However, the findings of this study need to be interpreted in the light of its limitations. Due to the nature of case study research, conclusions were derived from the UK legal cases that were used as a source of data for understanding dispute causes and legal decisions. Given the fact that challenges facing the construction industry worldwide are universal, and the disputes issues that are dealt with throughout the current study are common issues witnessed in many countries, the findings of the study provide a useful methodology that can be replicated with data from various countries. Therefore, it is suggested that further case studies extend to other countries, which could provide broader perspectives and understanding.

Author Contributions

Conceptualization, J.-S.Y., J.L. and Y.H.; data curation and methodology, J.L.; writing—original draft preparation, J.L.; writing—review and editing, Y.H. and J.-S.Y., supervision, J.-S.Y. All authors have read and agreed to the published version of the manuscript.


This article was published with support from the Howard R. Hughes College of Engineering at the University of Nevada, Las Vegas.

Data Availability Statement

Some or all data and models generated or used during the study are available from the first author by reasonable request.


We would like to thank the editors and reviewers for their efficiency, constructive advice, and appreciation of our paper.

Conflicts of Interest

The authors declare no conflict of interest.


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Figure 1. Research process.
Figure 1. Research process.
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Figure 2. Frequent terms in the construction legal cases.
Figure 2. Frequent terms in the construction legal cases.
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Figure 3. Pairwise correlation of words (number of occurrences of pairwise words >70).
Figure 3. Pairwise correlation of words (number of occurrences of pairwise words >70).
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Figure 4. Word correlation in legal dispute cases.
Figure 4. Word correlation in legal dispute cases.
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Figure 5. Frequently used terms by period.
Figure 5. Frequently used terms by period.
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Figure 6. Changes in word frequency of construction legal cases over time.
Figure 6. Changes in word frequency of construction legal cases over time.
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Figure 7. Results of topic modeling analysis.
Figure 7. Results of topic modeling analysis.
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Table 1. Top 10 frequent terms (unigrams and bigrams).
Table 1. Top 10 frequent terms (unigrams and bigrams).
Unigram# of OccurrenceBigram# of Occurrence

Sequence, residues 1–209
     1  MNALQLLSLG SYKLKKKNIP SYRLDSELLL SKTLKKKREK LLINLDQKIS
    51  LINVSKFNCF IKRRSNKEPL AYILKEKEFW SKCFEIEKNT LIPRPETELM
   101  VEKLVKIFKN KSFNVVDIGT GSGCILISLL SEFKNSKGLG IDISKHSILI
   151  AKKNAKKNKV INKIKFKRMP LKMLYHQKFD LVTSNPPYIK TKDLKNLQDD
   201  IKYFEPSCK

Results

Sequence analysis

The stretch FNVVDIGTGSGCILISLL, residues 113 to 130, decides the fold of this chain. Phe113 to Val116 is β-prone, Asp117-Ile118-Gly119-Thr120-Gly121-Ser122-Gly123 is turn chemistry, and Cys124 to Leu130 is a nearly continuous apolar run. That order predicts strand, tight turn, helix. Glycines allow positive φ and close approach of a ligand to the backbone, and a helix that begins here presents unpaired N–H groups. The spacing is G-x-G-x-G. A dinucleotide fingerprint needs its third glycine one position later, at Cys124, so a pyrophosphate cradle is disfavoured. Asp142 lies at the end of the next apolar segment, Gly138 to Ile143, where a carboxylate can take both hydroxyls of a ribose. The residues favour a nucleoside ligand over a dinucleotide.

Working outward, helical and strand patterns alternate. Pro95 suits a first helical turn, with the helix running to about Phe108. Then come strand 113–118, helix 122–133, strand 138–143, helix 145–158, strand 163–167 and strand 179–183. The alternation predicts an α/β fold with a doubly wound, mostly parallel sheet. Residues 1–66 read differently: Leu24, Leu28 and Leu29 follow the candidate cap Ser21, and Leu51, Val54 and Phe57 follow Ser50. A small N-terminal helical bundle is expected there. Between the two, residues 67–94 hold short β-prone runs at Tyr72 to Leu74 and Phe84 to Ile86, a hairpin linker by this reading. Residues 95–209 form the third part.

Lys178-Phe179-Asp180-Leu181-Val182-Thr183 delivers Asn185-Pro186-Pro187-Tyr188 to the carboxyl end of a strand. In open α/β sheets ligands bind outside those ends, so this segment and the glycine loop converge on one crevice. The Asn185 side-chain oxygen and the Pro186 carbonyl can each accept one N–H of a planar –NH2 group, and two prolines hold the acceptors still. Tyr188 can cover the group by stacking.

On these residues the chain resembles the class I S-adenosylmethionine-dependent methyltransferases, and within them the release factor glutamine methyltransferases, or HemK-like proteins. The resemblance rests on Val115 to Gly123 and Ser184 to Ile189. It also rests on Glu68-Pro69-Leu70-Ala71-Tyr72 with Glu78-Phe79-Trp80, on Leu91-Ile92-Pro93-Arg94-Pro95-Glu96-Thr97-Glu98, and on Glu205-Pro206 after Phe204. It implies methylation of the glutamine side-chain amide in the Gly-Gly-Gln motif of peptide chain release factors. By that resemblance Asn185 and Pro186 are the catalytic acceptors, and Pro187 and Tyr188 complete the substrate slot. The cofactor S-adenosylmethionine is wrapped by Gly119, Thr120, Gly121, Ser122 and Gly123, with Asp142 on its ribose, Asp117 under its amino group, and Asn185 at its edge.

Clause11,803Extension time2383
Payment11,610Sum due1369
Issue11,538Final account1334
Date9793Letter date1314
Sum9541Interim payment1052
Paragraph9440Liquidated damages1014
Time9239Date payment906
Notice8714Practical completion902
Term8129Withholding notice848
Work7407Loss expense837
#: number of…
Table 2. Results of the topic modeling.
Table 2. Results of the topic modeling.
GroupSalient Terms
Topic 1
Letter of intent (LOI)
letter, writing, date, work, intent, document, signed, carry
Topic 2
loss, cost, schedule, variation, work, change, expense, insurance, liability
Topic 3
Document submittals
issue, time, submission, submit, scheme, document, view, accept, time
Topic 4
Delay and liquidated damages
completion, delay, extension, practical, liquidate, damage, possession, access, building
Topic 5
Construction operation
section, operation, order, site, work, stay, meaning, building land
Topic 6
payment-related notice
payment, notice, due, date, issue, valuation, pay, less, interim
Topic 7
Others: Payment of legal fees and expenses
cost, pay, evidence, payment, amount, fee, reasonable, total, solicitor
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Lee, J.; Ham, Y.; Yi, J.-S. Construction Disputes and Associated Contractual Knowledge Discovery Using Unstructured Text-Heavy Data: Legal Cases in the United Kingdom. Sustainability 2021, 13, 9403.

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Lee J, Ham Y, Yi J-S. Construction Disputes and Associated Contractual Knowledge Discovery Using Unstructured Text-Heavy Data: Legal Cases in the United Kingdom. Sustainability. 2021; 13(16):9403.

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Lee, JeeHee, Youngjib Ham, and June-Seong Yi. 2021. "Construction Disputes and Associated Contractual Knowledge Discovery Using Unstructured Text-Heavy Data: Legal Cases in the United Kingdom" Sustainability 13, no. 16: 9403.